Arthrogryposis multiplex congenita (AMC) is not a specific disease but rather refers to symptoms that can be associated with a number of different diseases, and is characterised by the development of multiple joint contractures which can affect two or more areas of the body prior to birth.
The exact cause of AMC is unknown and is not fully understood. It may be related to decreased fetal movement during development (due to lack of sufficient space in the uterus for normal movement); as a result of abnormal muscle developoment; malformation of the central nervous system (the brain and / or spinal cord); or because of abnormal development of tendons, bones, joints or joint linings.
In most cases it is not hereditary, although genetic causes can be identified in up to 30% of those affected. Diagnosis can be complicated given that this is a disease which can have a genetic basis, or more specifically, because it is a rare disease and doctors must carry out physical examinations, analyse the patient's medical history and symptoms, and examine the laboratory test results.
In this way, treatment can be decided upon, which will be different for every patient and will depend on the individual's particular symptoms. Treatment can include physiotherapy, removable splints, exercise and surgery. Fortunately many patients have a good diagnosis and it is possible to achieve joint mobility and function, meaning they can lead productive lives on entering into adulthood.
What precautions should we take when traveling by car?
Due to possible mobility issues of people affected by AMC, it is important to carefully plan any trips, establishing frequent stops in order to rest and change position if possible. Because of the nature of this condition those affected should avoid bad postures during the trip and should pay particular attention to how the child is positioned in the child restraint system.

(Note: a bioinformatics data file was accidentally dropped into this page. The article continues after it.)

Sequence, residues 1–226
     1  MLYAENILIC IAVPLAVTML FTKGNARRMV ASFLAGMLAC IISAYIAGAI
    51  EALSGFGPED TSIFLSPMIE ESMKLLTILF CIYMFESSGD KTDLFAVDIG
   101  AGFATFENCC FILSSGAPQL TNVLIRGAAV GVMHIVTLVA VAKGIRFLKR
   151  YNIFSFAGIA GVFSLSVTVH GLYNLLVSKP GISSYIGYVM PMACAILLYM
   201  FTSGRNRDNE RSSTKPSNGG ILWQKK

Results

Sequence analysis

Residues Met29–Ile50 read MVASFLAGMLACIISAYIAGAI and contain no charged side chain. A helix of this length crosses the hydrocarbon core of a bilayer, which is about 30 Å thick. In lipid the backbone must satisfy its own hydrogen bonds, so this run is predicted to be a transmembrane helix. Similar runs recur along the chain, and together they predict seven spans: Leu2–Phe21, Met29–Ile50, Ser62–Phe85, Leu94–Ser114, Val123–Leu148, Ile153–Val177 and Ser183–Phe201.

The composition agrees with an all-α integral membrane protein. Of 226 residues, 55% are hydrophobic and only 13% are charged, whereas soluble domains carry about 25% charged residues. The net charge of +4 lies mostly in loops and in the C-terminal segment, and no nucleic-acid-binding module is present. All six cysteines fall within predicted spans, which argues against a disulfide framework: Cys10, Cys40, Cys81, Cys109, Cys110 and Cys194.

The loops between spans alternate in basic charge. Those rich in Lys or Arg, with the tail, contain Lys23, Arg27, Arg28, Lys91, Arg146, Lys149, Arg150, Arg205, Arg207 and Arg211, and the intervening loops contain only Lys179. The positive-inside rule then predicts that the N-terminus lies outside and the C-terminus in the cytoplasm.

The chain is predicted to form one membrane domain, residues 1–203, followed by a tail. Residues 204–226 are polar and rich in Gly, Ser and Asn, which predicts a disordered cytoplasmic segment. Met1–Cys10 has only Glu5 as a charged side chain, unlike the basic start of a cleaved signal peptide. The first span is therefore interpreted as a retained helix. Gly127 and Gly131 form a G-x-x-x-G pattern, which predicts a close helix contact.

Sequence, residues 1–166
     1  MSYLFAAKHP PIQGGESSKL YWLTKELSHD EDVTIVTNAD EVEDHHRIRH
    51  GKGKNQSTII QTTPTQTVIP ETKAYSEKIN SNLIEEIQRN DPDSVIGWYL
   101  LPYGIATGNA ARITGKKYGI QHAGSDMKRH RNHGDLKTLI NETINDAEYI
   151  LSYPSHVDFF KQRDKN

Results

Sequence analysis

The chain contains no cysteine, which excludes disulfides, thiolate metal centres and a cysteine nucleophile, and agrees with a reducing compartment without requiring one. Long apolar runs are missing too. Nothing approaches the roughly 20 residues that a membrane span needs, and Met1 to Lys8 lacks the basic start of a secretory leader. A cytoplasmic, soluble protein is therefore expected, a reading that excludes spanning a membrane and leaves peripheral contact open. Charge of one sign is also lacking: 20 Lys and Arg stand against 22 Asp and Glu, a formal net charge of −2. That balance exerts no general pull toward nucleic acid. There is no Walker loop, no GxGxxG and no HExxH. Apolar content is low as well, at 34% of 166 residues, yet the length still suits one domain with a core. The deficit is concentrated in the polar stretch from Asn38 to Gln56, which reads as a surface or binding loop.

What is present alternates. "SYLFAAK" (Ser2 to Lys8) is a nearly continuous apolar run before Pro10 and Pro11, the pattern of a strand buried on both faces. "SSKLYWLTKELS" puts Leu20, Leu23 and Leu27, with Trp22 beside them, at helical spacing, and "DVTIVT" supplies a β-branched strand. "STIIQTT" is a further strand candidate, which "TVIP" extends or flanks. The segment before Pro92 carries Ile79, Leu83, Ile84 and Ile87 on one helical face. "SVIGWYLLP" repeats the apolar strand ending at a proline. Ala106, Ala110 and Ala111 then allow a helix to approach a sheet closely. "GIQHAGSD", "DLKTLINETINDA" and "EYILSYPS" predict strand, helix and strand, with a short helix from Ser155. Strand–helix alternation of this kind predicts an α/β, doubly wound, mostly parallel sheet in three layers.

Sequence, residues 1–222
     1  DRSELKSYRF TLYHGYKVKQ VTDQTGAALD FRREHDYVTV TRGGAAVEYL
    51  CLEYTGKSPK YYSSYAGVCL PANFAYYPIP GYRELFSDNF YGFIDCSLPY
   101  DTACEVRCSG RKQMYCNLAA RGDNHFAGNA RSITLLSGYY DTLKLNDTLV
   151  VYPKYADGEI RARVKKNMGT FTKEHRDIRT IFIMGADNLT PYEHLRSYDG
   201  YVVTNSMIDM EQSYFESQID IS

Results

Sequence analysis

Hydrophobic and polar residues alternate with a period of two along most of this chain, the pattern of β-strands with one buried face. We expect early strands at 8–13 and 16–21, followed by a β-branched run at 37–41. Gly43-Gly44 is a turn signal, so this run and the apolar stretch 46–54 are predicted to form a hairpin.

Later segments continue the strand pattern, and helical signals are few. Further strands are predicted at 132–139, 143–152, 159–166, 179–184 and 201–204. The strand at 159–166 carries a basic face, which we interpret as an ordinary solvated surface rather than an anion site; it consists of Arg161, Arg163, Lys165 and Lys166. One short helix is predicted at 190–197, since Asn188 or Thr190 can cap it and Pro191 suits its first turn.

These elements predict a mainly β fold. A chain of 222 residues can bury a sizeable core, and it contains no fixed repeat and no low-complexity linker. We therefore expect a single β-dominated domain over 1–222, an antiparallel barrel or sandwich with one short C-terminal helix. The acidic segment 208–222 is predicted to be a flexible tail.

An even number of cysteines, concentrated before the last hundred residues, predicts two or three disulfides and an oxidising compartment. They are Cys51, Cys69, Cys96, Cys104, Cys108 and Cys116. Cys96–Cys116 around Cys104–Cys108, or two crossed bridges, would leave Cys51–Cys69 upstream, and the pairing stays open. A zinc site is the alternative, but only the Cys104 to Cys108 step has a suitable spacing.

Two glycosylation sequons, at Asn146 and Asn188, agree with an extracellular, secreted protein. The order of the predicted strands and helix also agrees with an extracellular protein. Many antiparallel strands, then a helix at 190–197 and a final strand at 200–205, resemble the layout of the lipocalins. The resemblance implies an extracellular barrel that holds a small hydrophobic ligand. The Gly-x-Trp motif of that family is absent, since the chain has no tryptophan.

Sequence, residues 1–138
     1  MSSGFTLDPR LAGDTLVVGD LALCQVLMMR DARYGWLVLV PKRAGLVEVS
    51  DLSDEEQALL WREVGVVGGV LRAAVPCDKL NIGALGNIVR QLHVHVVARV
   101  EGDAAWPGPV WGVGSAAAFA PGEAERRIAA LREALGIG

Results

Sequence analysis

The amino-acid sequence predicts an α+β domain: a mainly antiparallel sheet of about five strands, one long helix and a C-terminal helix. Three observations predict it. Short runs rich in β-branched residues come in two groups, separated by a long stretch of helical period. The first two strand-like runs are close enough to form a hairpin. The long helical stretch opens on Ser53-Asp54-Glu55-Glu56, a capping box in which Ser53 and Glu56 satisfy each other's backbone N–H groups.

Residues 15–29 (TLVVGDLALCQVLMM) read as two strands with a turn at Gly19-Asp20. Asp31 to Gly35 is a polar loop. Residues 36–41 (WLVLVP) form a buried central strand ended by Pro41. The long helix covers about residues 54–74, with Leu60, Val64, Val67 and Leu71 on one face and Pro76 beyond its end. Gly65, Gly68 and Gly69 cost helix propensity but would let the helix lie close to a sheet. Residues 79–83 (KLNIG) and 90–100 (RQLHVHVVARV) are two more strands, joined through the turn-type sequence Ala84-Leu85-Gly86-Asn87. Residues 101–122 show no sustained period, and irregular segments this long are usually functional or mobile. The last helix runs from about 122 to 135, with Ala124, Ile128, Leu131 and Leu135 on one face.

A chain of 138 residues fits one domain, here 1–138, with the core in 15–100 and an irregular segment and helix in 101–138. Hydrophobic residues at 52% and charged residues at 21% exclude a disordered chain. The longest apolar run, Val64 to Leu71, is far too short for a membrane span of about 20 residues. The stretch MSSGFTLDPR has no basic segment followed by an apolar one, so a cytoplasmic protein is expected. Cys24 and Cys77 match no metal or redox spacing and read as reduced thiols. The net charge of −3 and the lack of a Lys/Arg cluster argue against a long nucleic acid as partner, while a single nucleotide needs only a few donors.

With regard to the child car seat, children with these kinds of issues should always travel in child restraint systems appropriate for their particular conditions, in the safest position possible, and in a rear-facing seat for as long as possible.
One of the greatest difficulties we might encounter is when lifting and moving the child, at which point we should be paying them our full attention and taking the utmost care.
As in other cases of children with special needs, the specific measures you take will depend on the specific health issue of the child and their general condition; it may be the case that you cannot change their normal routine much and they may even require a special child seat. The most important thing is to ask for advice from a specialist at any time, and whenever we have any doubts whatsoever.